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Parkchester is a residential neighborhood geographically located in the east Bronx, New York City. The neighborhood is part of Bronx Community Board 9. Its boundaries, starting from the north and moving clockwise, are East Tremont Avenue to the north, Castle Hill Avenue to the east, the Cross-Bronx Expressway-Westchester Avenue to the south (Westchester Avenue is the southern border east of Metropolitan Avenue), and the Bronx River Parkway to the west. White Plains Road is the primary thoroughfare through Parkchester. The local subway is the 6 line, operating along Westchester Avenue. The local ZIP code is 10462. The area is patrolled by the 43rd Precinct located at 900 Fteley Avenue in Soundview. New York City Housing Authority (NYCHA) property in the area is patrolled by PSA 8 at 2794 Randall Avenue in Throgs Neck.
The housing development has the same origins as Stuyvesant Town, Peter Cooper Village, and Riverton Houses in Manhattan, all of which were originally developed and owned by the Metropolitan Life Insurance Company. The name was later unofficially applied to the entire neighborhood surrounding the apartment complex. The name "Parkchester" itself was derived from the two neighborhoods on each side of the site of the housing development — Park Versailles and Westchester Heights.
Metropolitan Life displayed an intricate scale model of the proposed development at the 1939 New York World's Fair. The model showed all of the buildings and facilities, and was accurate down to inclusion of each of the 66,000 windows in the complex. The 51 groups of buildings were planned to house 12,000 families.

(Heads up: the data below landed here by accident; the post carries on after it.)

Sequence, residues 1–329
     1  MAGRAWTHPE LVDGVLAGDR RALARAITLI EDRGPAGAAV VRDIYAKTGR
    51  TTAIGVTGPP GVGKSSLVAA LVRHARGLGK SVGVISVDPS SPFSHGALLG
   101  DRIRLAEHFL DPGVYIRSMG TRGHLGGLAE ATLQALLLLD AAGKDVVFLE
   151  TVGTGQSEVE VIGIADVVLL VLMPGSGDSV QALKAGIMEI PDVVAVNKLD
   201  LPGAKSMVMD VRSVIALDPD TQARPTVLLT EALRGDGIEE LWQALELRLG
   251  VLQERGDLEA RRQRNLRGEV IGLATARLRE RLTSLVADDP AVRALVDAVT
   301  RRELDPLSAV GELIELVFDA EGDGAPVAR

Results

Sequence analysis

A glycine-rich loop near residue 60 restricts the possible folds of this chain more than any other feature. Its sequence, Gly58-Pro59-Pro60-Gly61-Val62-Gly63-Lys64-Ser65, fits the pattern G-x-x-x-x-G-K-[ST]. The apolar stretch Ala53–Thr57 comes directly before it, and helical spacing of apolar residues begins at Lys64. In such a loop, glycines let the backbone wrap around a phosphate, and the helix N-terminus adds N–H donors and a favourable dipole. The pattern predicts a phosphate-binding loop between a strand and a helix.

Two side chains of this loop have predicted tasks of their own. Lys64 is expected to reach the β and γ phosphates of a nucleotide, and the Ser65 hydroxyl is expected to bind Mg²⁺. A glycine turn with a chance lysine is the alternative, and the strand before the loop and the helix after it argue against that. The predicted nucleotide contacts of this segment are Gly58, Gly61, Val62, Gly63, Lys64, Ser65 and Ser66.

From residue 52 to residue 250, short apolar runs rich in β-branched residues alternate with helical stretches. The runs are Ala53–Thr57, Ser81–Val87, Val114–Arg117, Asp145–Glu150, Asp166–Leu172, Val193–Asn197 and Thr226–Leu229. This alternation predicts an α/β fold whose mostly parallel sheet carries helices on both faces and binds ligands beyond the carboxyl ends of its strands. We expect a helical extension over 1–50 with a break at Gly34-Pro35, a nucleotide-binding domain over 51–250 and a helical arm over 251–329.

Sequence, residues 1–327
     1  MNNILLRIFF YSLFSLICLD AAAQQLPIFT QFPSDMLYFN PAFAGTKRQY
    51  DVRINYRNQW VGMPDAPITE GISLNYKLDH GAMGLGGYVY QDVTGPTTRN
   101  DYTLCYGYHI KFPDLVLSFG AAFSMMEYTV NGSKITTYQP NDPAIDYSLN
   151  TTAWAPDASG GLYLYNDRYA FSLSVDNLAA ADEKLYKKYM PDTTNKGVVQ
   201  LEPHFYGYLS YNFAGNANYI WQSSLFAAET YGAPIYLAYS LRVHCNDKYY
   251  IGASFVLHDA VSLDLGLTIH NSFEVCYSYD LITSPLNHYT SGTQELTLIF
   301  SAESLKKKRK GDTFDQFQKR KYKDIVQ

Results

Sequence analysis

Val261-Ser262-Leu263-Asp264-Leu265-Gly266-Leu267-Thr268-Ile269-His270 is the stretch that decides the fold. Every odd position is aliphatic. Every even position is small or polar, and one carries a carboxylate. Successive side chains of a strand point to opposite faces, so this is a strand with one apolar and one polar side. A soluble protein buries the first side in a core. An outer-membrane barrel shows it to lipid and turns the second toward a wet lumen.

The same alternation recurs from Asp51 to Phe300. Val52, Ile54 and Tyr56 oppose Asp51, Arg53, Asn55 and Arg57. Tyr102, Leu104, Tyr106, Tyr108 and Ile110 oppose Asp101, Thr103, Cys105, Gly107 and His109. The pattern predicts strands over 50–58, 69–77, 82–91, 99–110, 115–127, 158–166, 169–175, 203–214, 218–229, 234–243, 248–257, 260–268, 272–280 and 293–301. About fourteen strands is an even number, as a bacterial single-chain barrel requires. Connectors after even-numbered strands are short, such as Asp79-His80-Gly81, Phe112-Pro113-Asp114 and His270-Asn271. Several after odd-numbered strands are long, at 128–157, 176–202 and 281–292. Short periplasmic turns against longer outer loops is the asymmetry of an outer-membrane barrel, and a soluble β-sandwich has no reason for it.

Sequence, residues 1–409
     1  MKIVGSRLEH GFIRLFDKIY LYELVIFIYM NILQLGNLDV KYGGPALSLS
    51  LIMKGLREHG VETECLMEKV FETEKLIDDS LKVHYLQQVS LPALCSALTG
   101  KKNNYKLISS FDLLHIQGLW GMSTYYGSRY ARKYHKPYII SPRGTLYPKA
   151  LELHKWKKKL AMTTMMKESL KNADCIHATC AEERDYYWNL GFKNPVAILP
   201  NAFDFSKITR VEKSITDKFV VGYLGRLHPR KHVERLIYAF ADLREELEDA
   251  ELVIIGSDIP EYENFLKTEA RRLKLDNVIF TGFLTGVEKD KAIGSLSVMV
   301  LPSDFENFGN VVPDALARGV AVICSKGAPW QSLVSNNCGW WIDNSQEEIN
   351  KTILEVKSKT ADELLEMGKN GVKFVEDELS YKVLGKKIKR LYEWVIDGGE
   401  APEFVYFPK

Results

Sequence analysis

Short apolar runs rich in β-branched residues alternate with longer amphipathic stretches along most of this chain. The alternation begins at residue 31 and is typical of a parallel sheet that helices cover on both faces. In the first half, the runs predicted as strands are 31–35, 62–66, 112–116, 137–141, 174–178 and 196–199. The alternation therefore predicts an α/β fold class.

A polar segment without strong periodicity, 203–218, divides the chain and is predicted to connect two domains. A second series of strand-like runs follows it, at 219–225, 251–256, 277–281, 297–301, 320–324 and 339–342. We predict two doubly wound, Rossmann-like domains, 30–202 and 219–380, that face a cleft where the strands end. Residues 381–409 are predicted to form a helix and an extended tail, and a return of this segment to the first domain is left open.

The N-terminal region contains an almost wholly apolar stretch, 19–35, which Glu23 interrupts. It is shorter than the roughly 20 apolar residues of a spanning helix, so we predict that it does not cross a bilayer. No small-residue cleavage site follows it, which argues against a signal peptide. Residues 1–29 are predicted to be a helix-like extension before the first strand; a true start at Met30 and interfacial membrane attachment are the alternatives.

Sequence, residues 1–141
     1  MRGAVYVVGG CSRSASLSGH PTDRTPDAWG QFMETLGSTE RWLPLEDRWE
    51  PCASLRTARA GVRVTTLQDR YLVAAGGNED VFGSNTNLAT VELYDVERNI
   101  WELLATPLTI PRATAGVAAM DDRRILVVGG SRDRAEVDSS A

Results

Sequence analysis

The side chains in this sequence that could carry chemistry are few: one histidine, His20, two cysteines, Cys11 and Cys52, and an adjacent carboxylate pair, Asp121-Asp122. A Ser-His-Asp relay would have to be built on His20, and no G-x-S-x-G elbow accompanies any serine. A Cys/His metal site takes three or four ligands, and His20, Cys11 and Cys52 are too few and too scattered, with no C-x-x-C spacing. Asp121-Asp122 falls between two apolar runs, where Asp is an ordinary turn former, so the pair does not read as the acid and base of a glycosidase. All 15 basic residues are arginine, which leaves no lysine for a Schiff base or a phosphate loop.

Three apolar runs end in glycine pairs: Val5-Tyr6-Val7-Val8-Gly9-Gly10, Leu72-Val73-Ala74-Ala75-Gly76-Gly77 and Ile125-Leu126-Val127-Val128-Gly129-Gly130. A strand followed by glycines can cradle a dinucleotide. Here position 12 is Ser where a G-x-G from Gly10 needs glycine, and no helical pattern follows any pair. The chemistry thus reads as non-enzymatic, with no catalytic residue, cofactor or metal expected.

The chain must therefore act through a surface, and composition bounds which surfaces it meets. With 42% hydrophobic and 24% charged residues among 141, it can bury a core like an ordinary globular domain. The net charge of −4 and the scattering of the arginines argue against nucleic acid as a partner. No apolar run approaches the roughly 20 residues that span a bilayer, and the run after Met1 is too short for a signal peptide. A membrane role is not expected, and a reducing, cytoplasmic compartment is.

The Parkchester housing development was originally designed and operated as a self-contained rental community for middle-class families new to home ownership. To that end, there is an abundance of worker- and family-oriented resources, including access to transportation, nearby schools and churches, retail shopping space, and proximity to a major medical center.
It was built from 1939 to 1942 (despite emergency building restrictions during World War II) on the farmland of the Catholic Protectory, a home for orphaned and troubled boys conducted by the Brothers of the Christian Schools, which relocated to Lincolndale (and still exists in) Westchester County. In 1974, approximately one-third of the complex was converted to condominiums, with the remaining portion, now Parkchester South Condominium converted later, in 1986. The complex is best known for its broad, tree-lined walkways between the distinctive red-brown buildings, and for its Works Progress Administration-style terracotta decorations on the buildings, that represent animal and human figures of many types. Many of these are the work of sculptor Joseph Kiselewski.
It was a welcome affordable haven for returning WWII vets and their burgeoning families in the early 1940s. While racially segregated, it peacefully housed people from all religious backgrounds.